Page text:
Peel opens the show by thanking Wolverhampton Wanderers "for their good work tonight" in helping Liverpool toward what would be their 11th league title. Wolves had beaten Nottingham Forest 1-0: Liverpool went on to win the league with an 8 point lead over Forest.
Start of show: "Well, looks pretty much like an eleventh championship to me, and our thanks to Wolves are due for their good work tonight. In tonight's programme, we have two sessions: one from Shake, which is a band featuring Angel Patterson, Simon Templar and Jo Callis, formerly of the Rezillos, plus Troy Tate, and the Neon Hearts, a repeat of their recent and cunning session. We've also got music from Lene Lovich (that's the new single), the Undertones, the Fall, Iggy Pop, Stiff Little Fingers, the Clash, Cure, Crisis (their first record release), Poison Girls, Piranhas, the Human League, Dillinger, some Swiss stuff. Anything really, as long as the price is right."
Shake, one and only session. Recorded 1979-04-23. No known commercial release. '(But) Not Mine' missing from recording.
Neon Hearts, one and only session (rpt). Recorded 1979-03-21. Available on Ball And Chain (Overground), although recorded from this very show. 'Rings Of Confidence' missing from recording.
File 1 and file a begin.
Dr Feelgood: As Long As The Price Is Right (LP - Be Seeing You) United Artists (has a chunk paused out on the original file: remaster and Derby Box file contains full version)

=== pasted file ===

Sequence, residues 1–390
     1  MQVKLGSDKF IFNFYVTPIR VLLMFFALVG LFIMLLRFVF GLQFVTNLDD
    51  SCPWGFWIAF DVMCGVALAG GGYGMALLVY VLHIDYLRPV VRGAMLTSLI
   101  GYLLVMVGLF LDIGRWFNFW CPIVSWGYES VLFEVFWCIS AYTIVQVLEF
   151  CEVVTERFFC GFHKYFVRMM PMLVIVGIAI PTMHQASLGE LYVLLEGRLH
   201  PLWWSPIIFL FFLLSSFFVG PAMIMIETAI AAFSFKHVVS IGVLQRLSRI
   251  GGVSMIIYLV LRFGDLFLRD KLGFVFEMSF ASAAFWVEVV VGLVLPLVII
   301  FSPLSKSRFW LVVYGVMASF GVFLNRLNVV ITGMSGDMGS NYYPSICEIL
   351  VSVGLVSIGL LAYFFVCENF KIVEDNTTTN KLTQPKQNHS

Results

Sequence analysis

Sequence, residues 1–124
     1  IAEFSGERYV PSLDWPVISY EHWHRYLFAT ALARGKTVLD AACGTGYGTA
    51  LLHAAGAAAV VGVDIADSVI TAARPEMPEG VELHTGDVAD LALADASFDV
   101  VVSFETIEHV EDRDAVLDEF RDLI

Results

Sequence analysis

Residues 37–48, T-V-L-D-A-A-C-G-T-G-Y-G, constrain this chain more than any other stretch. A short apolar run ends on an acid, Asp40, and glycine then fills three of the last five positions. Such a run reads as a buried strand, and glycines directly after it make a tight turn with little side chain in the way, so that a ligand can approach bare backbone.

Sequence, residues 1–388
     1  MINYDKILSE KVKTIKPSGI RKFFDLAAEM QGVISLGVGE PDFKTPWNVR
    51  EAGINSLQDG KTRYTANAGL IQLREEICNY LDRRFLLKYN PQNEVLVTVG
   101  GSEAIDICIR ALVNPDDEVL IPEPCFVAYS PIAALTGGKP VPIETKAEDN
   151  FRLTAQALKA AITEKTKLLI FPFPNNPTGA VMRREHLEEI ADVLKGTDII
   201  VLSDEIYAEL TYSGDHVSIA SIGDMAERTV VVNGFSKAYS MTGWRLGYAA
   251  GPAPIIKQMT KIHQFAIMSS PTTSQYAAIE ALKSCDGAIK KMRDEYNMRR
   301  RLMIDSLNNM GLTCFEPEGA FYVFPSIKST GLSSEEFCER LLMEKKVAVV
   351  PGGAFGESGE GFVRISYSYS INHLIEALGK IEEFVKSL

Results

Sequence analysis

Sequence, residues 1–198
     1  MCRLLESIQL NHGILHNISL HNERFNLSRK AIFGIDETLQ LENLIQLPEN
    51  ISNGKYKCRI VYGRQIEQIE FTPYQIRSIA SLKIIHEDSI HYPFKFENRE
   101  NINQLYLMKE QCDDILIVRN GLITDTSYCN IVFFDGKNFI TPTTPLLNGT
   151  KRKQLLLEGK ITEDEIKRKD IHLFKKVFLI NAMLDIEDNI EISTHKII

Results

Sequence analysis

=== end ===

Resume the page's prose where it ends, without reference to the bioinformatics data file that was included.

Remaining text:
(JP: 'I've been going to see Liverpool since I was seven years old, so mine may not be a totally unprejudiced view, but I think Kenny Dalglish is the best football player I have ever seen. And to see whether anybody agreed with me I borrowed a BBC tape recorder over the weekend and went out in the fields and lanes and byways around Peel Acres and spoke to one or two people in the area. The first person I spoke to was a young man and I asked him what he thought of Kenny Dalglish.')
(JP: 'Actually, that's a bit boring. I'm not sure why I played that. It's funny, you get that sort of thing happening, you know. You listen to these records at home and you think, "Hey, that sounds pretty tough and up to date. I think those kids out there are gonna just love it." And you play it on the radio and think, what did I play that for?...Make up your own mind.')
a) to c): files created from T055 and T077 of 400 Box. The latter two are running extremely slowly.
d) Remastered version by SIG, who adds: "Speed corrected by +7% and high quality recordings substituted wherever possible. The Mikey Dread track is the 7" version, since the slightly longer 12" that Peel plays could not be located. The Shake tracks, not having been made commercially available, were left intact, as were Merger and Dillinger, the latter of which in any case is so badly off-centre that it was felt to add period flavour."